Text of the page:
In HBD 2063, Rob Moline writes:

> Charity Homebrew-
> When I was a member of the North Florida Brewer's League in
> Tallahassee, (Go Nole's!) they held an annual charity beer event.
> [...]
> These were public events
> and were great fun. This was back in '89 or '90 or so. Don't know if they
> still do it.

We do still do it, and have just started planning for this year's event.
There has not been any issue from the state alcoholic beverage control
board, however we are very careful to make sure that no money ever reaches
the homebrewers. Also, all of the takings (less any costs related to
publicity) go directly to the American Cancer Society, so the issue of
'selling' beer is sort of moot.

The other big worry that we have had in the past is insurance, however one
advantage of hooking up with New Directions (a fundraising arm of the ACS)
is that their general policy covers us for this one event each year.

So if anyone is in North Florida this year on October 19, you should plan on
stopping by and seeing us. It really is a lot of fun.



From: "Dave Higdon" <>
Date: Mon, 10 Jun 1996 09:43:07 EST
Subject: using mullberrys

Has anyone ever tried using mullberrys in their brew?
When would should I add them in ?


From: (George De Piro)
Date: Mon, 10 Jun 1996 10:23:51 -0700
Subject: RE:Chlorine, wort chillers, big beers, dogs

In HBD #2065, Nate asks if he must boil all of his water to remove the
chlorine. I, too, am a grain brewer in a town with outrageously high
Cl levels. I don't bother boiling the water, I just take it hot from
the tap (~150F) and let it sit uncovered for at least 12 hours.

I've never tested the water with a chlorine kit, but there is no
chlorine smell after this treatment (it's unpalatably strong before
treatment). Chlorine is fairly volatile, so it gets driven off pretty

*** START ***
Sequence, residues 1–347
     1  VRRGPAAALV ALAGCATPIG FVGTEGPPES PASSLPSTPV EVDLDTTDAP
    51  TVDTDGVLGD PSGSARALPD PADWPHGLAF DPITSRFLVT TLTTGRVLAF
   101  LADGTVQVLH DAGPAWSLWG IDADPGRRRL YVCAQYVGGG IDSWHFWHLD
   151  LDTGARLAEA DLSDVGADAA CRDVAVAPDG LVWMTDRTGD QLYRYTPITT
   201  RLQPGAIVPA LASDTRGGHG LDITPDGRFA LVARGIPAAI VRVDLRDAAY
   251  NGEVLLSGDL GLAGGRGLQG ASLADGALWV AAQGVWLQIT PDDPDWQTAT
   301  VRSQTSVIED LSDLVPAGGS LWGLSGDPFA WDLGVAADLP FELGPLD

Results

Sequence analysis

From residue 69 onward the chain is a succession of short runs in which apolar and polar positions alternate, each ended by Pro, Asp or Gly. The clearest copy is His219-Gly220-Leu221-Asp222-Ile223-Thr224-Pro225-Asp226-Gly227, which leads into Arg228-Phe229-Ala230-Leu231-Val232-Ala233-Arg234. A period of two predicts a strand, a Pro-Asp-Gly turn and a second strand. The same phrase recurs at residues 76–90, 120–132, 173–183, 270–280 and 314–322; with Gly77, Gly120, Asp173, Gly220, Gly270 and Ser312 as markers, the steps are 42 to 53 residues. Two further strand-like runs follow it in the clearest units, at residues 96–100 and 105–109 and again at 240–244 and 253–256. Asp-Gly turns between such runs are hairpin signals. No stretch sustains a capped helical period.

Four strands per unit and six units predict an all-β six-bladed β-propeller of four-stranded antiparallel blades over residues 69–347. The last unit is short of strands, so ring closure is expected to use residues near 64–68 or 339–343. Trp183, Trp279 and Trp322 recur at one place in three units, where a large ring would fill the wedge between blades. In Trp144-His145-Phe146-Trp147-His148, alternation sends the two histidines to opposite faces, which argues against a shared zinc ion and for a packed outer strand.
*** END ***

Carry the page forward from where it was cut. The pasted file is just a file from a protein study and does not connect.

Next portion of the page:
fast. I've heard that some water companies use some sort of
chlorinated compounds (I can't remember specifically) that are NOT
very volatile. This could be trouble-you'll need to filter your water
through charcoal, then.

Aaron asks about the necessity of using a chiller to cool his wort.
The fact that you have no problems without one means that you don't
have to bother if you don't want to, but there are a couple of
advantages to using one. First, you'll save time. Three hours to
wait to pitch is a pain. With a counter-flow chiller you're wort will
be cool in ~15 minutes. Secondly, you'll precipitate more cold-break
if you chill the wort faster. Third, there's less chance of microbial
contamination because the wort gets pitched sooner and isn't sitting
around at bacteria-conducive temperatures for so long.

I'd like to put in my two cents about BIG beers winning contests.
Just look at the AHA NHC best of shows for the past two years: Pale
ale (1996) and European lager (Munich Helles, I think) (1995). Hardly
big beers.

It's much easier to hide flaws behind the huge palates of big beers,
and judges know this. While some may laugh at those who brew them (I
why wonder they brew them, myself), one of the toughest styles to brew
must be American lager. Because it tastes like colored seltzer, any
mistake you make is the prominent flavor. Judges are aware of this
and are more likely to be generous to well made, subtle beers.

On the Dog thread, I am grateful to have this knowledge. I was
composting hops, and my Labrador, Milo, sometimes loves to eat the
compost. I will stop putting spent hops out there!

In the same vein, I knew I was under-sparging my grains because he
used to eat them out of the compost heap (he loves malt sugar).
Seeing this prompted me to improve my sparging technique, which
increased my yields and stopped him from being interested in the

George De Piro (Nyack, NY)


From: David Conger <>
Date: Mon, 10 Jun 1996 10:37:10 -0400
Subject: Spent grains

>Are there any practical and economical uses for spent grain ? I've heard
>that major brewers sell it as feed for livestock. What about quantites that a

>microbrewery or even a homebrewer might have ?

I imagine it would compost well (used coffee grounds are GREAT for